Wednesday, August 30, 2006

Short imaging session - but 5 targets!

This time tracked by LXD55, again, the results show that, even a small 75mm f/1.8 lens with DMK, reveal far more than I can detect visually with a C8, maybe video astronomy is the way to go for urban indoor astronomy.

Belows are mostly identified after the session, the M8 could be M20? Is that M6 really M6? Only the M17 is really M17... haha...

Target 1 (M25?): 4.524s * 100 medium gain - clip 1

Target 2 (M8): 7.493 * 60 medium gain - clip 2

Target 3 (M6?): 2.732s * 50 medium gain - clip 3

Quick and dirty processing on spot:-

Re-processed, this one was getting very low (just above the buildings in front of me), so the noise is pretty serious:-

Target 4 (??): Unknown target - clip 4

In this session, I scanned around with a 8mm lens, stop when I saw non-stellar faint fuzzy, and then I centered it and use my 75mm lens to zoom in, so I would stop by unknown target, this one is probably a big open cluster or just a star rich region of the milkyway?

Target 5 (M17):

5.132s * 60 medium gain - clip 5

12.409s * 30 low gain - clip 6

Quick and dirty on-spot processing:-

Reprocessed version:-

Finally, here's a M17 combined by the two above:


I found that I can push the exposure time a bit longer, but I was held back by the sky glow, however, the histogram from the stacked images told me that I could go further to gather more signal actually.

These series of images told me that, for urban indoor setting, maximum exposure time (30s only) of the DMK is enough to play with, by going longer the frame is going to white out. However, by using narrow band filters, I guess longer exposure time is needed and it would be far more effective.

For lazy guy like me, this is probably I'd enjoy, however. Very rough polar alignment is what I need, a compass is not even used. :-)

Short fixed tripod scanning

C mount lens, 25mm at first and then 75mm, DMK 31AF03... around Sagitarius... yet to be identified, 2s * ~80.

Additional Remarks on 30 Aug:

It should be M22.

I simply do it this way, use the widest lens (8.5mm), 0.5-1s at nearly maximum gain to scan around until I saw any non-stellar faint fuzzy, then I center it and then attach the 75mm lens, lengthen the exposure to a point so that the stars will remain pinpoint, adjust the gain to get good balance of exposure and noise, start recording an AVI, and then registax with de-rotation (dead slow), done.

Further processed and cropped version:

Saturday, August 26, 2006


Very quick session, last less than 15 minutes from setup to tear down, hazy sky and thus the solar disc has a reddish circular patch of light around:

more images pending:

too hardly processed:-

Thursday, August 17, 2006


WARNING: Please simply do NOT do it, since it's extremely dangerous even if you follow the following exactly and do it correctly.

Some pictures about the setup:-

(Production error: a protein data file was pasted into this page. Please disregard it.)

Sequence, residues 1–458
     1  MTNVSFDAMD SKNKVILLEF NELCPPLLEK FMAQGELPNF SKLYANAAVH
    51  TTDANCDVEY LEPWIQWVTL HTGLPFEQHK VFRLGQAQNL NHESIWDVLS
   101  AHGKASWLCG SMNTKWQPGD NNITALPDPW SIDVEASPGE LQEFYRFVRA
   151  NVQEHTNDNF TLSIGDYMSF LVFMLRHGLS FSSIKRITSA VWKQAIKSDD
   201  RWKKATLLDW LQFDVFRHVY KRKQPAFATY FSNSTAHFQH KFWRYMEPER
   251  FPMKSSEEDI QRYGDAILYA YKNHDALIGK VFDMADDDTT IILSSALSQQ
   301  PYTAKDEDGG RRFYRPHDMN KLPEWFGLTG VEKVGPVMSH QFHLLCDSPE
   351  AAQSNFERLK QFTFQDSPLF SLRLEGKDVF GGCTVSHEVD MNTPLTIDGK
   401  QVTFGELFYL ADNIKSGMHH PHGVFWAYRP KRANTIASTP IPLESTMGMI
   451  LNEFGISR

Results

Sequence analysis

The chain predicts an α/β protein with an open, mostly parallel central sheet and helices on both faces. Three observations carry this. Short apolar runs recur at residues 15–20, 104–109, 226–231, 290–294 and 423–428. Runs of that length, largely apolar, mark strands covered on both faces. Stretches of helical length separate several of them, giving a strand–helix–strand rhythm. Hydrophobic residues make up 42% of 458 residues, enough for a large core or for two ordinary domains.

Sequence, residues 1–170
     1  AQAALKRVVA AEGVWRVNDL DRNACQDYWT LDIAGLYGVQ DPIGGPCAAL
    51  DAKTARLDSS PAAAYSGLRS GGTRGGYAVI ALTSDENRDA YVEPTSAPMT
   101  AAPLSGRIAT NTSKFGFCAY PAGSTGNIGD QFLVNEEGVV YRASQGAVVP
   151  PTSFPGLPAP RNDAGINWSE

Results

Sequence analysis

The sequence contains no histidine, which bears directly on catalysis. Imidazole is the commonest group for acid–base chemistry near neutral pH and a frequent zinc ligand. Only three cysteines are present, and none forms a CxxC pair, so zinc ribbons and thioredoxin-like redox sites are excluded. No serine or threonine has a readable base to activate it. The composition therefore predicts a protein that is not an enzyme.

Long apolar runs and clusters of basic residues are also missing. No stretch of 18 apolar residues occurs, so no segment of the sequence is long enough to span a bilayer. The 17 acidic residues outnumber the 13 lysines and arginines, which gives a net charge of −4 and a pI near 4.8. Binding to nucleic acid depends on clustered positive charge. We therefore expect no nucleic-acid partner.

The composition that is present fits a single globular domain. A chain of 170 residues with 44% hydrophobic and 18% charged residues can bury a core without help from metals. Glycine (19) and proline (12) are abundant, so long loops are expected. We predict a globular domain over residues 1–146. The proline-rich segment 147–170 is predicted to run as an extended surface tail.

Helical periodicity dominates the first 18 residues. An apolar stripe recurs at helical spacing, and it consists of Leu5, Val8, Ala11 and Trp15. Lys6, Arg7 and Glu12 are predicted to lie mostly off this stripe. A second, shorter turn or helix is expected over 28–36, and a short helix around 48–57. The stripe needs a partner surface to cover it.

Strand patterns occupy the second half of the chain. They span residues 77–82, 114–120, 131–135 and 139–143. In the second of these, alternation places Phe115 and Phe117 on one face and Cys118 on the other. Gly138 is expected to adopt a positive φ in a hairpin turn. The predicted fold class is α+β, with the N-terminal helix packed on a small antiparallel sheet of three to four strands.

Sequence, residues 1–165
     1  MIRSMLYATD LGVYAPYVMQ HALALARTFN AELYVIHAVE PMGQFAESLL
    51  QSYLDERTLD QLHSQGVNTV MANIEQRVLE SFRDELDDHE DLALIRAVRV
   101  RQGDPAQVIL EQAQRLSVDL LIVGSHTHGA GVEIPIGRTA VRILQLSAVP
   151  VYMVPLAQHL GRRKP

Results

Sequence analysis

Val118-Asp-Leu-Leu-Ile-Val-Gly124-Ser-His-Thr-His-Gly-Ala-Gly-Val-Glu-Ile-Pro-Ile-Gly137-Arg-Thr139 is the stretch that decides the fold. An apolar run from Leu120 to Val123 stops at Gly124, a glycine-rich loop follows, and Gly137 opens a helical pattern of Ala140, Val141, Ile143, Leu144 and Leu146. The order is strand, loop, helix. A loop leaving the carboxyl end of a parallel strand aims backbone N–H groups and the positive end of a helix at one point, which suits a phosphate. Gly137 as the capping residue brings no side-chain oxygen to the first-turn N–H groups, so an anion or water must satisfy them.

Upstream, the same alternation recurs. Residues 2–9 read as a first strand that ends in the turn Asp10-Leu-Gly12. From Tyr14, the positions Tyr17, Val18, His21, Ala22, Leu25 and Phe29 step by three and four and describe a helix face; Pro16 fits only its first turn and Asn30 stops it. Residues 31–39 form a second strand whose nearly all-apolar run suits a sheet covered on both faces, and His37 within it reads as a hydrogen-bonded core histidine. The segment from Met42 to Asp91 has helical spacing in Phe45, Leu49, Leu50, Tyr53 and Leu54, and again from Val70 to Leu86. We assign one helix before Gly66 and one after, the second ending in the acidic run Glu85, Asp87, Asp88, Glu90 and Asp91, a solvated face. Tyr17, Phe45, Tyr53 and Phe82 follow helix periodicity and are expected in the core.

The C-ERF:

Very roughly put it in a 70mm lens cell:-

Very dirty hack to put the lens cell on my Borg 45ED custom tube using duct tape:-

This is a special observation conducted in my friend's home, we use a 70mm C-ERF and PST etalon, BF10 to make a bigger scope setup, the result is very satisfactory:

Borg 45ED custom made OTA, duct tape hack with 70mm lens with C-ERF in cell, a chain of Borg adapters to make up the length and a BF10.

An image captured by this setup... too bad that the image scale should be pumped up with the larger aperture, but the sun is too low and even blocked after this image:

Sunday, August 06, 2006

Quick solar observation

Cloudy again!

But got some gap, couldn't take any acceptable photograph most likely.

Solar disc was blank, even no prominence.

Switched to visual observation, long time didn't do it. Binoviewing, oh... wait... I saw a nice hedgerow, not too bright or too tall it's there... oh... one more V shape filament, too!

Again, human eye is the best tool... if long exposure is not needed.

(Thin) moving cloud is an enemy, your eyes are your best friend in that case.

Saturday, August 05, 2006

Quick look on the sun

Had a quick look between small cloud gap.

Saw a prominence loop and a blank solar disc, nothing special, cannot manage to take any shoot too.

Tuesday, August 01, 2006

A new page on indoor imaging

Since downsizing, this is the first time I did indoor imaging. The setup is simple, LXD55 with C5.

The first test is C5 at prime focus using DMK 31AF03, on the moon:

Since autostitch accepts JPG only, so the image quality is less than ideal, quite a lot of noise and useful information are removed by the lossy compression and that prevents any further processing. I shall investigate another way to do the mosaic work. For full size:

Another way to do mosaic, purely by PS, but since I'm very cheap in operating it, the result is terrible:

The second test is 2x barlows on moon, poor seeing means, oops:

The third test is C5 on Jupiter, however, seeing was too bad that Jupiter has some random hair, so didn't get any AVI.